The Simkins family purchased the land for Town Center in 1970 and began acquiring development rights in the ‘80s. By the early 2000s, development had begun to rise from what was once little more to the eye than a vast sagebrush field. Today, the development includes more than 250 residential units, according to an LMLC statement, and many commercial units including a host of restaurants, bars, music venues, retailers, grocery stores and a hotel. It’s home to the hospital, the new community center, Len Hill Park, the movie theater and a network of trails along with several other community staples.

“We are proud of our efforts to build an incredible community at Town Center,” the Simkins family wrote in a May 19 statement to EBS. “…The accomplishments that we are most proud of are the community-building, connections, and partnerships that were made over the decades.”

Through the purchase LMLC also became the Town Center declarant and developer and will manage the Town Center Owners Association. It is currently in the process of hiring a new TCOA executive director.

According to a calculation by LMLC, flat land on the west side of the South Fork of the West Fork of the Gallatin River is 64 percent built out. Still, Kidd said one of the hurdles he anticipates facing in building out the rest of Town Center is inspiring community consensus amid some development angst.

“I think the biggest challenge is ultimately trying to build community support for something that we hope is ultimately great for Big Sky as a community and as a place,” he said.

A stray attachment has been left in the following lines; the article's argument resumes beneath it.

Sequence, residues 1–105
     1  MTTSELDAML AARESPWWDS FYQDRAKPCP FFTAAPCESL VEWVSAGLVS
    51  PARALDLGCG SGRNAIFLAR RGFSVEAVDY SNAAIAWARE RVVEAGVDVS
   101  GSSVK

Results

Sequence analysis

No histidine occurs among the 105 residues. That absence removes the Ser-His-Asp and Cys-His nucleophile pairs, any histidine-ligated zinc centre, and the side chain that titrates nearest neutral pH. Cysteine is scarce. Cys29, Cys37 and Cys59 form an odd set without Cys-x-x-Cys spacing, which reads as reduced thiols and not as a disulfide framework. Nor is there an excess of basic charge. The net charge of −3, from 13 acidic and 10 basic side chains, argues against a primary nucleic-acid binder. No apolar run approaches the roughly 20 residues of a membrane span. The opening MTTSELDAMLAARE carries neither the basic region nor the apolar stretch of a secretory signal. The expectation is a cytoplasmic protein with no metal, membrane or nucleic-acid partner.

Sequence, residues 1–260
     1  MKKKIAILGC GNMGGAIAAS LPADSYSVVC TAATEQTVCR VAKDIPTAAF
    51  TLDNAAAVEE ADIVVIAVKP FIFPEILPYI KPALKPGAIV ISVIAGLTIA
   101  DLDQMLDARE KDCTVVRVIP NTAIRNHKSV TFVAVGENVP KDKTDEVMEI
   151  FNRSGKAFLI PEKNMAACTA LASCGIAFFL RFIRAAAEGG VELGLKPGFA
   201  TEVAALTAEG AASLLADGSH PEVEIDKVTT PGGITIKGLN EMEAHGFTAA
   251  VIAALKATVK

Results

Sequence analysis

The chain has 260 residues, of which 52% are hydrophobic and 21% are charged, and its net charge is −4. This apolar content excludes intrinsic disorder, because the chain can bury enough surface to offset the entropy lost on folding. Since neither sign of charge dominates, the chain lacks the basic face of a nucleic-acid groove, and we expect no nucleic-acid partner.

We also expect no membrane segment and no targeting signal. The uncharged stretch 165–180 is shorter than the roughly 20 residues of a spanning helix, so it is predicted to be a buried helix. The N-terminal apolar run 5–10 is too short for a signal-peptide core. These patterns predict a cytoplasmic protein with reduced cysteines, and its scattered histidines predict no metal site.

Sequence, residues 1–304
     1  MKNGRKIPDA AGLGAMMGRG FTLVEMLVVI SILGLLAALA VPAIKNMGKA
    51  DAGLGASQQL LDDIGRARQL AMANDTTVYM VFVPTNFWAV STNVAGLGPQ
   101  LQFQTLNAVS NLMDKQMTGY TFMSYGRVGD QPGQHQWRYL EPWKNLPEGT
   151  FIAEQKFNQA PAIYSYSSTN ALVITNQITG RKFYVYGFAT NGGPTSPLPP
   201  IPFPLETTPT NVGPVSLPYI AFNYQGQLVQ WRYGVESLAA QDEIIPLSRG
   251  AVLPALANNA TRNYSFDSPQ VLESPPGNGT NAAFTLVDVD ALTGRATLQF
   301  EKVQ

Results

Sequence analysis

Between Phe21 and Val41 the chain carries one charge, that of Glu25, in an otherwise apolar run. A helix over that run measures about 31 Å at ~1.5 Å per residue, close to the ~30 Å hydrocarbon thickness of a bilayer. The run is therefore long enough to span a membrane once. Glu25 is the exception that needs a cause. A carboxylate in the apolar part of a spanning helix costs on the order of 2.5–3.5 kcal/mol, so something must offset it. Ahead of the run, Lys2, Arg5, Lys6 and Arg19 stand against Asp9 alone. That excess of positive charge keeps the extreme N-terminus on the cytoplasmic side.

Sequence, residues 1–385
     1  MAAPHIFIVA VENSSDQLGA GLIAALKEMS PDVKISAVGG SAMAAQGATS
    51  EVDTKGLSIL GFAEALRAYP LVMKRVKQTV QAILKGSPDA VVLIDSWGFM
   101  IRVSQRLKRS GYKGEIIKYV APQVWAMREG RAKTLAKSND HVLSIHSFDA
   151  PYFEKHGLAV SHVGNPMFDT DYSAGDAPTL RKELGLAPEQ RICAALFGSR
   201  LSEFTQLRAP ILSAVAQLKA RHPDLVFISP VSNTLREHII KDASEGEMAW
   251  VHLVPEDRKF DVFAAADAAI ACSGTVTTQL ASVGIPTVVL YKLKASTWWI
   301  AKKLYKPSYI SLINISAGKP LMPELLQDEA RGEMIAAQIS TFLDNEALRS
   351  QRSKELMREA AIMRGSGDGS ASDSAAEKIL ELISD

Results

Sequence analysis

In the context of community struggles such as housing and year-long economic sustainability, Kidd reframed development as a solution rather than a problem.

“We actually can’t address our challenges without more development and growth over time,” he said.

Kidd said “community-based housing,” will be a primary focus of the remaining Town Center development and will likely include a broad spectrum of options ranging from apartments, dorms and small townhouses to single-family homes and larger, market-based products. He added that LMLC plans to work with the Big Sky Community Housing Trust, the Big Sky Resort Area District and other community entities to identify where and when affordability requirements, deed restrictions and other housing solutions might make sense.

Another focus, Kidd noted, will be continuing to use Town Center as a tool to further stabilize Big Sky’s shoulder seasons. This goal was echoed by Big Sky Chamber of Commerce and Visit Big Sky CEO Brad Niva, who since stepping into that role has prioritized building a stronger year-round economy in Big Sky.

“I think Town Center is the only place we can grow and mature as a community,” Niva said. “… It’s the center of the community … it’s still very young. And as we all know, there’s challenges, we have growing pains. I think as our Town Center develops more, and more options and opportunities are available for our visitors but also our residents, [it] maintains a strong economy and maintains a strong community.”

Outside of the private clubs, Kidd said Town Center is for the most part what remains to be developed in Big Sky.

“That is very energizing,” he said. “And we take a lot of responsibility with this.”